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Fibromyalgia and major affective disorder: a controlled phenomenology and family history study
Am J Psychiatry 1985;142:441-446.
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Abstract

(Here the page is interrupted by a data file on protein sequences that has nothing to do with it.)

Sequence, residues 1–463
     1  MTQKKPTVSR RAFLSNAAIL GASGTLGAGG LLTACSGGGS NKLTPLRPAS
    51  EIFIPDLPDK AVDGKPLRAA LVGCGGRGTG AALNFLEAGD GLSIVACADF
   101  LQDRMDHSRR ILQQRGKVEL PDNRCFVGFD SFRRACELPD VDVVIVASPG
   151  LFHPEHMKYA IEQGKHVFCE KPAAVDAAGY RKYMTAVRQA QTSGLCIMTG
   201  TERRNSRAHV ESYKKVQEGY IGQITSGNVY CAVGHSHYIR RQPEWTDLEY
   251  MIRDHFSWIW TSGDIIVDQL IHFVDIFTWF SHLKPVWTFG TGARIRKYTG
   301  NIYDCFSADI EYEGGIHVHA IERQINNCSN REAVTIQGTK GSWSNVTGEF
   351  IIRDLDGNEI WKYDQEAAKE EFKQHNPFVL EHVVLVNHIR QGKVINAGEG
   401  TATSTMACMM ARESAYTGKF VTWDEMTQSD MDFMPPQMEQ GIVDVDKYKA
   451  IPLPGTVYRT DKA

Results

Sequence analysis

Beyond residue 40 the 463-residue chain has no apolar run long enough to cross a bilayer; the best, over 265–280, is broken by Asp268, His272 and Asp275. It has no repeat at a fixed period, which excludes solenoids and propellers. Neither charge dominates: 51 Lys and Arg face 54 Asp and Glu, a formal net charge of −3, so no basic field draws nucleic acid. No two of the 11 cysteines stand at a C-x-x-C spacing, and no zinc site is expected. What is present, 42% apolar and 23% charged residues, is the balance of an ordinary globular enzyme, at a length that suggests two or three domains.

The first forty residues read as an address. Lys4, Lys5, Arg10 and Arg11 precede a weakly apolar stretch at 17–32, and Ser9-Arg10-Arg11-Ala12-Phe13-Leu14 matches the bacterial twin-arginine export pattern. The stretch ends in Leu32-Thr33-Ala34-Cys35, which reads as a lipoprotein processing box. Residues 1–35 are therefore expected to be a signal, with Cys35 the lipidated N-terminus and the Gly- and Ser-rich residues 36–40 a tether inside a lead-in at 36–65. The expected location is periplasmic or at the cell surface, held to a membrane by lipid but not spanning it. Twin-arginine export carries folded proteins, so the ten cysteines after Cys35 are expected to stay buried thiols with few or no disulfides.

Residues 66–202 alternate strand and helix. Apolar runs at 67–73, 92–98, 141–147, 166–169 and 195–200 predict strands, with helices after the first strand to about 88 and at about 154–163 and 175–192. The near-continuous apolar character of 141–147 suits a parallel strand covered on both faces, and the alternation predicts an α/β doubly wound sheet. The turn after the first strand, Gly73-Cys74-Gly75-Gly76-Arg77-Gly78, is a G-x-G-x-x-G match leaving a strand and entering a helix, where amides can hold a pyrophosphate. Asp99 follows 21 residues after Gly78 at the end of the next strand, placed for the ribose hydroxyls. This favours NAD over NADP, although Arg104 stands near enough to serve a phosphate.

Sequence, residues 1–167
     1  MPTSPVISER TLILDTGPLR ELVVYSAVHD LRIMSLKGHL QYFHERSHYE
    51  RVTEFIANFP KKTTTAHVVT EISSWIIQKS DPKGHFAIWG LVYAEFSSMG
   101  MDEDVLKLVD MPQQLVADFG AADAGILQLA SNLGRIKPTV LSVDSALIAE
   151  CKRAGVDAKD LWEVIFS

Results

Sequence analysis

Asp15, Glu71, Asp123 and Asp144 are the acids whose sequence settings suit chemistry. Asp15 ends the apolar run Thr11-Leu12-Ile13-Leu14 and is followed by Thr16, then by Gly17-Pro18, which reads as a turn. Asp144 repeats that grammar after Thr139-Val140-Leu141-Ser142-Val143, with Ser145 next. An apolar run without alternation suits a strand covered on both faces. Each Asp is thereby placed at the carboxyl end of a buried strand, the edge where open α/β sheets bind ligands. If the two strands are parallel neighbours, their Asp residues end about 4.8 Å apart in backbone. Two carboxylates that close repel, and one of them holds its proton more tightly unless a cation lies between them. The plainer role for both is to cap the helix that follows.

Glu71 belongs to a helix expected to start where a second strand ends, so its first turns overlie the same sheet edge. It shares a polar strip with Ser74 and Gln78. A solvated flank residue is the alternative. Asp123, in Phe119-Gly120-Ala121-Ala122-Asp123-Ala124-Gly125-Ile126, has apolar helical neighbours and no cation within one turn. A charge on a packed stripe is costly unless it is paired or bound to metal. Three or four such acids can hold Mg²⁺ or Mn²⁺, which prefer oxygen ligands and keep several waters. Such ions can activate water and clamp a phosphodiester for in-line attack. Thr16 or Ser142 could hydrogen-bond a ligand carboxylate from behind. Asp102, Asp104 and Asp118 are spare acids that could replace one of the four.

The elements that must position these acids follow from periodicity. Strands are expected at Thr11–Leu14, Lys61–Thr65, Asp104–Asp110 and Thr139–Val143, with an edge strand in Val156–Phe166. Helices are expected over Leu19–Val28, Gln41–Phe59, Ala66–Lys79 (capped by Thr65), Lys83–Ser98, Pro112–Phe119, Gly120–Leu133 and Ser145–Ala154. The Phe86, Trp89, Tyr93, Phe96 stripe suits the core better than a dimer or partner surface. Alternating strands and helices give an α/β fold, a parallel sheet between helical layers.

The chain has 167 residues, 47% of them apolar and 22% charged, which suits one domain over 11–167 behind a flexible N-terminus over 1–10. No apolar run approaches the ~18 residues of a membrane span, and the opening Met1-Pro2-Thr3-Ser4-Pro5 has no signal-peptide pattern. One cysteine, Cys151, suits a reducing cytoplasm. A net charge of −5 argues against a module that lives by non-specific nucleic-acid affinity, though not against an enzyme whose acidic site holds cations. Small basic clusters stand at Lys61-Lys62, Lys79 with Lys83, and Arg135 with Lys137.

Fibromyalgia is a form of nonarticular rheumatism characterized by diffuse musculoskeletal pain. To investigate the relationship between fibromyalgia and major affective disorder, the authors evaluated 31 patients with fibromyalgia and 14 patients with rheumatoid arthritis for rates of current or past major affective disorder and family history of major affective disorder. Both the rate of major affective disorder and the familial prevalence of major affective disorder were significantly higher in the fibromyalgia patients than the rheumatoid arthritis patients. The results suggest that fibromyalgia may be related to major affective disorder.

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